(NewsUSA) - Your aging mother can no longer drive and forgets to turn off the stove. It's no longer safe for her to live on her own, but taking her into your home simply isn't realistic.
For the many Americans who find themselves in the described situation, nursing homes provide the best option for elder care. Forty-three percent of Americans over the age of 65 will spend part of their life in a nursing home, according to the The United States Government Accountability Office. As the U.S. Census Bureau predicts that, by 2050, the population of Americans aged 65 and older will reach 89 million, it's safe to assume that the demand for high-quality elder care will only increase.
Unfortunately, many nursing homes and adult family homes are overburdened, leading to a lower quality of care. Cases of elder abuse and neglect in nursing homes often pop up in the media.
In Tacoma, Wash., adult family home resident Nadra McSherry died in pain when her caretakers did not tell her family, doctor or nurse that McSherry had developed an infected bedsore. Bedsores are often a sign that a facility does not have enough staff to meet the number of patients, as preventing them involves moving patients every few hours, something that overwhelmed caretakers may struggle to accomplish.
McSherry's family sued the adult family home, Narrows View Manor, as well as the Department of Social and Health Services, which allowed the home to remain open despite numerous past health violations.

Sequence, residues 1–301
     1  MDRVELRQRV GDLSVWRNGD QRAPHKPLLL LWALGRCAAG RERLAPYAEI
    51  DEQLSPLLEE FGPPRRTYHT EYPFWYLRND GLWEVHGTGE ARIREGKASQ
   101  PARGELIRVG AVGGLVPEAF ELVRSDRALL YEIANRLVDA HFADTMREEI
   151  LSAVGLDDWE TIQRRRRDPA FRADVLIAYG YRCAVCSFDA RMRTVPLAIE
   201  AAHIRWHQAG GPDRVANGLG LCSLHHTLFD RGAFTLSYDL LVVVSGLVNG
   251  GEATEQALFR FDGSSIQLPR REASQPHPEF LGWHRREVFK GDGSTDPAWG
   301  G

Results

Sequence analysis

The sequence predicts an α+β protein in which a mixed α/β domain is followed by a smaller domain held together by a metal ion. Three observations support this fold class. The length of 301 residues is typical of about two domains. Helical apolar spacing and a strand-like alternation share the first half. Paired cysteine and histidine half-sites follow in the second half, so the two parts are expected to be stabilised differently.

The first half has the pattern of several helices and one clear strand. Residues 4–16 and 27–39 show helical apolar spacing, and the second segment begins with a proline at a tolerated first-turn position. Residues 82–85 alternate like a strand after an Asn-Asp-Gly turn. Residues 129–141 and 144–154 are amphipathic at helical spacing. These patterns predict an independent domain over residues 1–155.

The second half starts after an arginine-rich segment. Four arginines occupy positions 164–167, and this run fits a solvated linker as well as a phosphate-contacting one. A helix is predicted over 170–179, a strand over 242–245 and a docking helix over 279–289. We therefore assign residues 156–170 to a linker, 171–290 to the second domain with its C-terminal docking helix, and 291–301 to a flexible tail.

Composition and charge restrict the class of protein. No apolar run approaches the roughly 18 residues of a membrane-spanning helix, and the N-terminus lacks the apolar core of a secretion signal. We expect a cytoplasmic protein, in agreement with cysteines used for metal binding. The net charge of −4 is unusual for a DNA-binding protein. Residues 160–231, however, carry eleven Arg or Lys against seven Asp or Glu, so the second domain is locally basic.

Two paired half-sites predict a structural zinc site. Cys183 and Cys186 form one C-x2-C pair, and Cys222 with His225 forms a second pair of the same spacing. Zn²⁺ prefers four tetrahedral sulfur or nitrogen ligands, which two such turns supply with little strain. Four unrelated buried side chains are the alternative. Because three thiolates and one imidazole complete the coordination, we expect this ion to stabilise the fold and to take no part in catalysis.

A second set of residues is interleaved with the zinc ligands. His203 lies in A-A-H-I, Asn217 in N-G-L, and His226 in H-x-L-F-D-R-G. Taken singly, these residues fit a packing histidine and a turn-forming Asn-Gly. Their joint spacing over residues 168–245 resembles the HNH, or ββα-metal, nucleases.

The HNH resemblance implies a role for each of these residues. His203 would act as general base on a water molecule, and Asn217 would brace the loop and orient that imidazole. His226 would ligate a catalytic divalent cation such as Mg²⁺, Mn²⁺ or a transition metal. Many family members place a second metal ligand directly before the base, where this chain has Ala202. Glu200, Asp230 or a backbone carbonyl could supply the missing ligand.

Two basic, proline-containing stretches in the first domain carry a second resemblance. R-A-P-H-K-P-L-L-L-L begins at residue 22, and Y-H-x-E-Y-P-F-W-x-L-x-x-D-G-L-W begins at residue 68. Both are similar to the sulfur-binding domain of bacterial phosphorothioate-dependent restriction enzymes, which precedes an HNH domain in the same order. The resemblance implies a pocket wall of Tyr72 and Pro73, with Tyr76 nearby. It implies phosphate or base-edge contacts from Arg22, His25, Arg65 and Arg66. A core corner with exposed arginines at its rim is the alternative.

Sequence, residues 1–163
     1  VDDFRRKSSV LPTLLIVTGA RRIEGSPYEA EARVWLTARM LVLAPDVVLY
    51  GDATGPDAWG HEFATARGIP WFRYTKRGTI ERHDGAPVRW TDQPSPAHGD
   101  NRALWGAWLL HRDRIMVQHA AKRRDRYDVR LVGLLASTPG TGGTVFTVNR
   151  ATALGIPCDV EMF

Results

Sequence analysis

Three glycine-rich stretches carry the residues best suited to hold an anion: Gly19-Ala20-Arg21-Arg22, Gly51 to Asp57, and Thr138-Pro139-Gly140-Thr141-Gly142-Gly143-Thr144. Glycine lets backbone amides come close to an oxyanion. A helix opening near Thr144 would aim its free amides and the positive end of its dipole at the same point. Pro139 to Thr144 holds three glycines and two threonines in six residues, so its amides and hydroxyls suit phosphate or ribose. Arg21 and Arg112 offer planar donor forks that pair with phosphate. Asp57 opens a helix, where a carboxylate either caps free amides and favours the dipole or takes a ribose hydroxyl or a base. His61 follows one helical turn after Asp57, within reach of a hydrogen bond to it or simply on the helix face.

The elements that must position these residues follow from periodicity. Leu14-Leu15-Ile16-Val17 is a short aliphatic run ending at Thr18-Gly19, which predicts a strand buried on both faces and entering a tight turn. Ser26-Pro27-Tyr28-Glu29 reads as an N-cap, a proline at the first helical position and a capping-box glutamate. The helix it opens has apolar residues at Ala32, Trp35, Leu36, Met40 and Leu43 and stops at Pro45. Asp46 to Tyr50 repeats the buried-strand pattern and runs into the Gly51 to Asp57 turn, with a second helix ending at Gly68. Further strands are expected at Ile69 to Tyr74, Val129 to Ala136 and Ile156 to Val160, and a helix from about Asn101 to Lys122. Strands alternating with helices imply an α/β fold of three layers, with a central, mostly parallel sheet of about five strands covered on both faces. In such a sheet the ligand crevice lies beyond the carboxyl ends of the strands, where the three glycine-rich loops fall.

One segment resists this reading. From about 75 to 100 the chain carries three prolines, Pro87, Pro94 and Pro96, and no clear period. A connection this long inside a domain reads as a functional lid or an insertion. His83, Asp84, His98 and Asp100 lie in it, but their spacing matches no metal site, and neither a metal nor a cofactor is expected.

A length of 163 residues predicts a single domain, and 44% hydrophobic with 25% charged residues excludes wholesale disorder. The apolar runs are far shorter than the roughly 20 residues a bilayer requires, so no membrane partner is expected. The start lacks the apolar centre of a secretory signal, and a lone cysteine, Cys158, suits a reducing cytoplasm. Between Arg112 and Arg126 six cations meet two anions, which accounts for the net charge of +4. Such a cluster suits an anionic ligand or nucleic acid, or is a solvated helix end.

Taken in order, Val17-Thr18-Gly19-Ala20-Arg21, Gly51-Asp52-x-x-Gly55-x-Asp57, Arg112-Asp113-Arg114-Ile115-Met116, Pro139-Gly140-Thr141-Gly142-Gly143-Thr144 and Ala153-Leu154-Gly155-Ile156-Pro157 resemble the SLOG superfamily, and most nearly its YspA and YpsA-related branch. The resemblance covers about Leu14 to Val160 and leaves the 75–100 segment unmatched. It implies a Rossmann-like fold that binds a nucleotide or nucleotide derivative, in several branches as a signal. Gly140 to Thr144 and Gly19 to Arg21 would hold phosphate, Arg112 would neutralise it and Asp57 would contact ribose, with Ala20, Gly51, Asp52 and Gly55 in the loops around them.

"Stories like Nadra McSherry are all too familiar," says Hagens Berman's Tony Shapiro, the lead attorney. "It's up to the families to take action and protect their mom or dad."
McSherry's family settled last year for $565,000. Despite McSherry's death and a long record of other violations, the state has not revoked the adult family home's license. It remains in business.
Families searching for elder care can check the Centers for Medicare and Medicaid Services' Nursing Home Compare ratings, which evaluate homes based on a five-star system. But the ratings aren't always reliable -- families have to monitor the situation to make sure their loved ones' needs are being met. If a loved one shows signs of abuse, like unexplained injuries, dramatic weight loss or fear of the staff, families need to take action.
"If you suspect abuse, check online resources for help or consult an attorney," says Shapiro.